Currently, Mishra earns an annual profit of Rs 6 lakh from two acres of lemon plantation and the amount is likely to reach Rs 9 to 10 lakh next year. His other major source of income is his plant nursery and consulting services.
Low-cost fruit farming
Mishra attributes high profit at this early stage to the lower annual costs incurred in horticulture. “If you are growing traditional crops like wheat and paddy using chemicals, you have to spend annually on buying seeds from the market. They require ploughing at least four times, which is labour-intensive and the requirement of water is high,” Mishra says.
He points out that it takes a 2-acre farm about 16 hours to get fully irrigated using flood irrigation (also called surface irrigation), which lowers the water table and increases electricity costs. In surface irrigation, water is applied and distributed over the soil surface by gravity.
But in drip irrigation, water is carried through pipes and delivered directly to the root zone of the plant.
“I use drip irrigation, where one plant can receive 32 litres of water in two hours. It is a huge saving on both water and electricity costs,” he says.
Annual lemon production in India is over 37 lakh tonnes, which is consumed domestically and not exported. Lemon has three flowering seasons -- Ambe, Mrig and Hasta. During Ambe, flowering starts in January-February and fruits are ready in April. During Mrig, orchards bloom in June-July and harvesting is done in October. Hasta involves flowering in September-October while harvesting is done around March.
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Since the seasons overlap, the farmers can market lemons throughout the year although the maximum production is done between April and July.
“So lemon farming ensures continuous inflow of money in the hands of the farmers unlike traditional crops, where one has to wait for many months,” Mishra says.
Organic farming using on-farm inputs
Market prices of lemon crops fluctuate depending on the time of the year and availability. “A single piece can sell for Rs 10 at times and sometimes, the rate can be just Rs 10 per kg,” he points out.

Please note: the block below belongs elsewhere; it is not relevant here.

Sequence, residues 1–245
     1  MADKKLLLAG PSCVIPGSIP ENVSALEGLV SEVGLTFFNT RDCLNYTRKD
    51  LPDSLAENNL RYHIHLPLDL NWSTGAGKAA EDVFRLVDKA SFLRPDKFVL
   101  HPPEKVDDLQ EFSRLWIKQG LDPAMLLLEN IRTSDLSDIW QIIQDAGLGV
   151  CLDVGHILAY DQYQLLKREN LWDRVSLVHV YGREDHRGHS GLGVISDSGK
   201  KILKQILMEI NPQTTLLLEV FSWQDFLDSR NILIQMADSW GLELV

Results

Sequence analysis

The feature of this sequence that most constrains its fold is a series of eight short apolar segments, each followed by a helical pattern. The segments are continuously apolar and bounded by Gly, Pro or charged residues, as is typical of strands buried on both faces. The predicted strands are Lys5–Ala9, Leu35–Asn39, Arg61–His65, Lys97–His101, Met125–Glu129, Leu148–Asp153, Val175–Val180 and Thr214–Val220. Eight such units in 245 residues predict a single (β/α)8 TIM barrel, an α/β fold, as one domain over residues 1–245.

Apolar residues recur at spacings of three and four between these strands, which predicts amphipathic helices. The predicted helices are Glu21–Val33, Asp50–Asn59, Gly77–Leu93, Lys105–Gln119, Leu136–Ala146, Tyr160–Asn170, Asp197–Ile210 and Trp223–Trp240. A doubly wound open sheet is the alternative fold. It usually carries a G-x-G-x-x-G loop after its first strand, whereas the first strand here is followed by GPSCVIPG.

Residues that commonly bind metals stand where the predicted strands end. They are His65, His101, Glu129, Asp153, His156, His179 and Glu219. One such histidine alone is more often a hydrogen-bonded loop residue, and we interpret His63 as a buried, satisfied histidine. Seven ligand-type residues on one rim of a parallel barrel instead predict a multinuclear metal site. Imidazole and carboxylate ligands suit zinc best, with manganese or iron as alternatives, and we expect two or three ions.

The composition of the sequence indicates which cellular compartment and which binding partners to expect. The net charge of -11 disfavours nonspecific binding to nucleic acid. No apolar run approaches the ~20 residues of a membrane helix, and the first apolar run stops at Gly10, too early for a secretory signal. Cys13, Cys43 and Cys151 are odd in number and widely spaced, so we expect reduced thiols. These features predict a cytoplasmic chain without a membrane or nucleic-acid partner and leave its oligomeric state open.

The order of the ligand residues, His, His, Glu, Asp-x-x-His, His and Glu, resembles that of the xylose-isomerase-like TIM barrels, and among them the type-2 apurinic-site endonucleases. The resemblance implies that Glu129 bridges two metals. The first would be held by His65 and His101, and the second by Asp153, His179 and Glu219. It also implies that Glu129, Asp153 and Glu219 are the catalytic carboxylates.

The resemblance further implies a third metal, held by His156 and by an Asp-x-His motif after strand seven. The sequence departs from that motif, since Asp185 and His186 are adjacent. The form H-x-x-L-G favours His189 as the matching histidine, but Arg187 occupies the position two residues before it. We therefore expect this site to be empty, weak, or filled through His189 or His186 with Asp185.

Though chemicals were used in Mishra’s family farm earlier, he has completely shifted to organic farming and uses only natural inputs. Organic manure has improved soil softness and its carbon content, which helps improve water-retention capacity, structure, and fertility.
“I make most of the inputs on the farm. I use jeevamrit (also jeevamrutham) made with cow dung, cow urine and other organic inputs. I also make a cow dung input, which I call Anandam. It improves soil quality by increasing the micronutrients,” says Mishra, who has received the Chaudhary Charan Singh Kisan Samman for highest productivity in the Rae Bareli district.
Cow dung has good amounts of gibberellic acid, which stimulates plant growth and improves yield, he adds.
“I employ only two women farm workers for regular maintenance. Harvesting is done by the buyers themselves. I make most of the inputs myself. All these help keep costs under check,” Mishra says.
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Apart from lemon and guava, he has also planted 17 types of fruits including litchi, banana, catechu (kaitha), jackfruit and Spondias (ambada). A bigger source of income for Mishra, however, is his nursery and horticulture consulting services.
He sells lemon and guava saplings at around Rs 150 per piece.
“People place orders and pre-book for saplings. I encourage and help other farmers to opt for progressive fruit farming and develop their own plantations,” he says.
Farmers from Uttar Pradesh, Madhya Pradesh, Rajasthan, Uttarakhand, Haryana and Chhattisgarh seek his nursery and consulting services. “If farmers come to my home, then I give consultation and training free of cost,” he says.
As of now, Mishra’s hands are full. The Lemon Man’s only mission now is to help farmers earn more by introducing them to organic fruit farming.
(Rashmi Pratap is a Mumbai-based journalist specialising in business, financial and socio-economic reporting)